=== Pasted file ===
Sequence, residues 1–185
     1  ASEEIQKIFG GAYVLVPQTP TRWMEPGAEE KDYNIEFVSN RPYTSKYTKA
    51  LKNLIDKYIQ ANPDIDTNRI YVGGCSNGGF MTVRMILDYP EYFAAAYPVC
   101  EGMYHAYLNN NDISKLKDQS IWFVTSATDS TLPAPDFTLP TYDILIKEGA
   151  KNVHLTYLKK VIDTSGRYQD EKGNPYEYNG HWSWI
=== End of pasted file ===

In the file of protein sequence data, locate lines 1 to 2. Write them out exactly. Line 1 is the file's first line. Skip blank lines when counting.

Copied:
Sequence, residues 1–185
     1  ASEEIQKIFG GAYVLVPQTP TRWMEPGAEE KDYNIEFVSN RPYTSKYTKA